So there is now this tension, and Rod's got it exactly right. If you put out everything to everybody, you cannot generate a real stream of revenue from your most passionate users. On the other hand, any threshold is going to cut off some number of people who would be interested in reading more, but are not, for one reason or another, going to come up with $5 a week, or whatever it is that The Times is asking for. And that re-alignment is actually, I think, going to be a really big shift in the newspaper environment. Because, as he said, the Denver Post, may, in fact, be able to goose its advertising revenues better by staying more free longer and picking up some of the territory The Times cedes.

So the - instead of saying, the whole newspaper industry is now going to adopt this one new business model - we're just going to move from point A to point B - I think you're going to see this big scattering of some papers using social media better, as Rod was saying, others pulling back from it. Some papers charging more, other papers charging less. And it means that the whole, essentially, the assumed business model that lay under every newspaper in the United States is breaking up, to be replaced not by a different business model, but by a whole range of business models around how open or closed they want to be.

CONAN: Well, one final note, this email, I guess, from Martin: I'm a college student in Minnesota, studying computer sciences. I've been highly involved in the Occupy movement and pay a vast amount of attention to anonymous actions. I get the majority of my news on Twitter before it gets released by most major news networks. Why should I pay for news I've already received for free? Just food for thought.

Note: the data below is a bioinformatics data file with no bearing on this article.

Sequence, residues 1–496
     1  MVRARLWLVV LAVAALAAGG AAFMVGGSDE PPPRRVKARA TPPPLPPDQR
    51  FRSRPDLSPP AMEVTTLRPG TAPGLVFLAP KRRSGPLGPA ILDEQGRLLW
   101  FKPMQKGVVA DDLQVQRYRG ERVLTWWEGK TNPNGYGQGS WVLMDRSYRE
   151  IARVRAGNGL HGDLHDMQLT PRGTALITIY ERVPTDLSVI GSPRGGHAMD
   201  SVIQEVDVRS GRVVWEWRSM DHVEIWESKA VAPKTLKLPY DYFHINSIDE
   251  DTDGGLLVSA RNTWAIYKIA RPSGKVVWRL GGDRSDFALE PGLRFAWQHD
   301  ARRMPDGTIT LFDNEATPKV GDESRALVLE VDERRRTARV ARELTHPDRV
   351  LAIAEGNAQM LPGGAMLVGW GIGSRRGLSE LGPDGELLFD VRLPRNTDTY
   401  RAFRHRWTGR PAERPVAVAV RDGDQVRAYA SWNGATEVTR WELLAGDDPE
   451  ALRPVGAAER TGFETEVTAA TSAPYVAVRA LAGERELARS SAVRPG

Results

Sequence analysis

SHIRKY: I mean, the reason you pay for news is to get the news that you haven't received for free. So Twitter's the source of news in two different ways. Some of it is truly, genuinely, breaking news, right, if you subscribe to any of the Occupy feeds because many New York City police forces have actually made a practice of arresting journalists, which is, you know, I think an affront to the First Amendment but certainly part of the recent tactics, then finding out what the occupiers themselves are saying as they're being cleared out is the way to get direct news. But sometimes you need an institution to commit to doing the investigation in a way that isn't going to show up on Twitter. And that's the kind of thing we rely on The New York Times to do.

CONAN: And one final fact check here, and this is from Ross on an email: Louis C.K. did not offer a show for free. He offered it for $5 though he did not put a digital lock on the copies for real. So thank you for that correction. Clay Shirky, thank you very much for your time.

SHIRKY: Thank you. Thank you, Neal, for having me.

CONAN: And when we get back, the opinion page. Stay with us. It's NPR News. Transcript provided by NPR, Copyright National Public Radio.